Rana Dajani (Harvard University & Hashemite University): The Immortal Kiss of Our Grandparents. A Paradigm Shift in Perception of Trauma Rooted in Evolutionary Biology.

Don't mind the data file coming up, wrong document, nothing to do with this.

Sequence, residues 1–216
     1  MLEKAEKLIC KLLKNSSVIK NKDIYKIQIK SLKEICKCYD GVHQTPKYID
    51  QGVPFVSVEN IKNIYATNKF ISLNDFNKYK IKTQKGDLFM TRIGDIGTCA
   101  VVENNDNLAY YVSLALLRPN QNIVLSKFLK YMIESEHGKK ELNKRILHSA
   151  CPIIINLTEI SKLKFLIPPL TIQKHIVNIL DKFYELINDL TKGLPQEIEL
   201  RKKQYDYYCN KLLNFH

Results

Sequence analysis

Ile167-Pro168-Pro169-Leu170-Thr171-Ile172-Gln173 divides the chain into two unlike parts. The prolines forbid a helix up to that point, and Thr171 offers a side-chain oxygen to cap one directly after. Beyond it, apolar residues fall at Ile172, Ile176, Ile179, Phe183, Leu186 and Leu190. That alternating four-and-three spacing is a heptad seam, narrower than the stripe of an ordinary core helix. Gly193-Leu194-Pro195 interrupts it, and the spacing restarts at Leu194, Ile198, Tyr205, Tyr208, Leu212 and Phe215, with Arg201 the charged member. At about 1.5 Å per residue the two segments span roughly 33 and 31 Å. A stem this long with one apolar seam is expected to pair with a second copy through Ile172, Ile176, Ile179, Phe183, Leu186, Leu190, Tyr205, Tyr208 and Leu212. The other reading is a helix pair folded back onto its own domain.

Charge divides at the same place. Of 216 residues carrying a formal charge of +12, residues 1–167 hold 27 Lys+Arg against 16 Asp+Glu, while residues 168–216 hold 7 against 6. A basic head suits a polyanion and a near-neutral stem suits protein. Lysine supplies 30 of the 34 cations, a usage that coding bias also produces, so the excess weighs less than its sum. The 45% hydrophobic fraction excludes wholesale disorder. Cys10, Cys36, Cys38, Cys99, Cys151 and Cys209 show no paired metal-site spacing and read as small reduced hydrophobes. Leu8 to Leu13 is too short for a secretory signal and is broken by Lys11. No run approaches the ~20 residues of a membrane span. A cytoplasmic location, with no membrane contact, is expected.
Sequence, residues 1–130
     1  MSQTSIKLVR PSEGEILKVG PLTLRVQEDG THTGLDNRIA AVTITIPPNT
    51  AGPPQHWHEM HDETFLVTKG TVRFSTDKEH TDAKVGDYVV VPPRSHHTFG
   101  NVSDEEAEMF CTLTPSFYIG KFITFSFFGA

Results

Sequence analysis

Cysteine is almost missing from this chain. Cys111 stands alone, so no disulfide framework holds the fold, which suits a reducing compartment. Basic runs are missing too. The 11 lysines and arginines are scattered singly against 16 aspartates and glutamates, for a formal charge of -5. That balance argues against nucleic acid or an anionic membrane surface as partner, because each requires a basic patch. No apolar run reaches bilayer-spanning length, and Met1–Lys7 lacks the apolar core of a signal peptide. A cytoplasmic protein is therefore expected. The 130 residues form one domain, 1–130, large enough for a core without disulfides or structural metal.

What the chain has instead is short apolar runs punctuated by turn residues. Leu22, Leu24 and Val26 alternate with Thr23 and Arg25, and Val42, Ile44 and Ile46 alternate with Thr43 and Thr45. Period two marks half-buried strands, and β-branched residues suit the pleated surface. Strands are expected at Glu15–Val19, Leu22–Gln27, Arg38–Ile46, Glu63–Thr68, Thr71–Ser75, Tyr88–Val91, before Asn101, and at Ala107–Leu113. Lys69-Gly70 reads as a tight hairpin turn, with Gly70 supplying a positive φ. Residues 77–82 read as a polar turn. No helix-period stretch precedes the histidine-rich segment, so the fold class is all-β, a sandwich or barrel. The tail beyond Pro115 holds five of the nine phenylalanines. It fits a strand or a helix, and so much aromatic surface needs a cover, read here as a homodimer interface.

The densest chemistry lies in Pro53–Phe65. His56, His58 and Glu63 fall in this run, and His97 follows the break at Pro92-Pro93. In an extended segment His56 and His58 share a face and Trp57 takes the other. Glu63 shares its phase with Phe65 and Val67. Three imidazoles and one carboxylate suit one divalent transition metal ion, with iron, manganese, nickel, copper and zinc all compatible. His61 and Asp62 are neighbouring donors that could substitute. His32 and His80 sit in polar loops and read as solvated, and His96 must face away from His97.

Epigenetics widens the scope of trauma research and refugees even further. It is rare that scholars focus on the impact of trauma on the creation of mechanisms–biological and sociological–that have helped individuals and societies endure. Thinking about this requires a temporal shift in research perspective, toward evolutionary history. On an evolutionary scale, there is no such thing as a singular event; trauma happens in a continuum. The tools, strategies, and approaches traditionally employed and deployed fail to function when one looks at traumas as a continuum. Because the whole framework is different. Smeeth et al discuss a new conceptual model for epigenetic mechanisms in psychological resilience. The model addresses the epigenome formation as a result of exposure to a complex environment of harm and protection in the life history of the individual. This angle of exploration is nascent, and much has yet to be done from an epigenetic point of view to understand the impact of trauma on us as communities and indeed as humans.